Two Volaris Planes Narrowly Avoid Crash in Mexico City Airport

Alma L. Figueroa

Two passenger planes nearly crashed into each other on Saturday, May 7 at Mexico City International Airport. Air traffic control at MEX had cleared an Airbus A320neo to land on the same runway where a different Airbus A320 awaited clearance to take off. In a video posted to Twitter, we see the incoming plane fly right over the plane waiting to take off. A difference of a few seconds could have caused a disaster. Both planes belong to carrier Volaris, which says it’s investigating the “go around” incident.

Aviation Online goes into full detail regarding the incident, tracking the inbound and outbound flights (link is in Spanish). For reference, the Airbus A320neo can seat up to 194 passengers, while the standard A320 can seat up to 186. The Mexican government is now investigating the incident, per El Universal (link in Spanish). But the air traffic control tower that oversaw this near-disaster is not the only party taking blame. The director of Mexico’s federal airspace department (SENEAM) has now resigned, in light of the fact that this was not the first such incident at a Mexican airport, as the Spanish-language El País reports.

The incident comes as public opinion has soured on a number of federal transportation agencies, and on the administration of Mexican president, Andrés Manuel López Obrador (known as AMLO), whose initiatives to overhaul the country’s transportation have been the subject of criticism and scrutiny because of the infrastructure changes needed.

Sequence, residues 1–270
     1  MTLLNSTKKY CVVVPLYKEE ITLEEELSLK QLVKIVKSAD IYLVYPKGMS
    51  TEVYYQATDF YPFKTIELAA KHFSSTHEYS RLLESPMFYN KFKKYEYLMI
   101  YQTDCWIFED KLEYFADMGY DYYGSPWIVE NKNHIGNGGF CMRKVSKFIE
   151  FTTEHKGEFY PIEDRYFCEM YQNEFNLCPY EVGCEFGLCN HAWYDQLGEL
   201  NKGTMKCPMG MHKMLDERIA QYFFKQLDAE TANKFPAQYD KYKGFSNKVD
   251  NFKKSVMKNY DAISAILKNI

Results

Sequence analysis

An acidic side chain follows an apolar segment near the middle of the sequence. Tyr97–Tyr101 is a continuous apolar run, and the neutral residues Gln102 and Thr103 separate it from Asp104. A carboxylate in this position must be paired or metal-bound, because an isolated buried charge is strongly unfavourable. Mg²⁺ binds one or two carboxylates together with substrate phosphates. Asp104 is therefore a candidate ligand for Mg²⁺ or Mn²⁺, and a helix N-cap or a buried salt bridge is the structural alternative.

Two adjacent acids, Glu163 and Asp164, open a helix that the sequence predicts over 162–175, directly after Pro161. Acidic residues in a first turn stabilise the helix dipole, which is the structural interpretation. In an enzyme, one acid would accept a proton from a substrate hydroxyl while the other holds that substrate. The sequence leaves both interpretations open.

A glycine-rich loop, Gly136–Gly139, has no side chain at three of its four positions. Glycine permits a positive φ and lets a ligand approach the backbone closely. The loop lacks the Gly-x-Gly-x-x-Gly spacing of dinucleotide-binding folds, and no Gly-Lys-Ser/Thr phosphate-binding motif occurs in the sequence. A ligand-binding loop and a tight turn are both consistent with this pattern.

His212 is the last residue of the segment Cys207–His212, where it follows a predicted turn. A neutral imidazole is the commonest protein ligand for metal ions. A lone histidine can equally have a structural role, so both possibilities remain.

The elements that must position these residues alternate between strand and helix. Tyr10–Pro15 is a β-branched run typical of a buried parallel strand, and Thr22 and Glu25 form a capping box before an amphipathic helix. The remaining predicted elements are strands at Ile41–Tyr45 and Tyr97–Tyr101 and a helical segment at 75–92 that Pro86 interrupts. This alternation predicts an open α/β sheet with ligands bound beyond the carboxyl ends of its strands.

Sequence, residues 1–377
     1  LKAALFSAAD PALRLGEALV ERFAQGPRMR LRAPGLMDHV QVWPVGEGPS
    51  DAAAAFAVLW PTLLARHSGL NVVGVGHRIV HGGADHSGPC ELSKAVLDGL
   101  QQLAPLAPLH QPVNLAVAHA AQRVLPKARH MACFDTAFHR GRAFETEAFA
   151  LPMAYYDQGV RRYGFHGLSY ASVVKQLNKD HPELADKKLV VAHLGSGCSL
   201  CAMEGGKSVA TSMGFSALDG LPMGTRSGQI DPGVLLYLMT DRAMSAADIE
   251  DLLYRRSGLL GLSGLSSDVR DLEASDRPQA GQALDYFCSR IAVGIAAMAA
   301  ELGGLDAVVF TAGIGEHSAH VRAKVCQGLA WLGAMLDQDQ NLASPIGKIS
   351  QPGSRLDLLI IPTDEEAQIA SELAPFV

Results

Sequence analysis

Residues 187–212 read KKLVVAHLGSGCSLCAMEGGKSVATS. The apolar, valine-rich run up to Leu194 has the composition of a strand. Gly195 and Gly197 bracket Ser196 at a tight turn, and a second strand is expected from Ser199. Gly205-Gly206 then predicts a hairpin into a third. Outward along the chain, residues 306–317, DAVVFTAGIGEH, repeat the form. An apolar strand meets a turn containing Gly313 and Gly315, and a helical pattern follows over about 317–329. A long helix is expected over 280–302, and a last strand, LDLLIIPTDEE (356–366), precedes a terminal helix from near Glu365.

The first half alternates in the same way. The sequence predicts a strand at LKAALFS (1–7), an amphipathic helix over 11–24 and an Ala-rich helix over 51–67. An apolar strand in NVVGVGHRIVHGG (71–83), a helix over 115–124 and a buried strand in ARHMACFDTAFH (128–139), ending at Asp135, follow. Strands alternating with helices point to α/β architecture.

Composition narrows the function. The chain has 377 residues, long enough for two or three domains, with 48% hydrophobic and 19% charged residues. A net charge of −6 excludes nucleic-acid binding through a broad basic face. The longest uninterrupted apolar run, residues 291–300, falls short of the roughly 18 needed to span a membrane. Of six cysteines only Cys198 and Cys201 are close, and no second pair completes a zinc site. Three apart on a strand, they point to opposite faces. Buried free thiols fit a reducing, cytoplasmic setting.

The airspace over Mexico City was redesigned — by the SENEAM director who just resigned — to accommodate a new airport requested by AMLO, the Felipe Ángeles International Airport. This new airport is supposed to operate in tandem with the current Mexico City airport, but its operation hasn’t scaled successfully and the new airport is being blamed for disarray in the city’s airspace.

Reuters reports numerous teething problems at Felipe Ángeles airport (AIFA), and that’s putting it mildly. Following its inauguration, the international airport had one single flight scheduled. The issues at the airport have to do with coordinating air traffic in the shared airspace, which has proven difficult according to the AFP:

Experts have previously highlighted the challenges of operating two airports in a city surrounded by mountains and at an altitude of more than 2,200 meters (around 7,300 feet) above sea level.

So far airlines are operating only a small number of daily flights from Felipe Angeles International Airport, a flagship project of President Andres Manuel Lopez Obrador built at a military air base north of the capital.

So far, 17 ground-proximity incidents have been recorded, among other safety issues, all within the short time since the new airport opened in April of 2022. While the idea for a second air hub may have been a good one given the 50 million travelers that passed through the city’s airport in 2019, the execution and planning behind AMLO’s airport hasn’t been great. Here’s hoping they at least figure out how to limit their runways to one plane at a time.

Image for article titled Two Planes Narrowly Avoid Crash in Mexico City

Photo: Alfredo Estrella (Getty Images)

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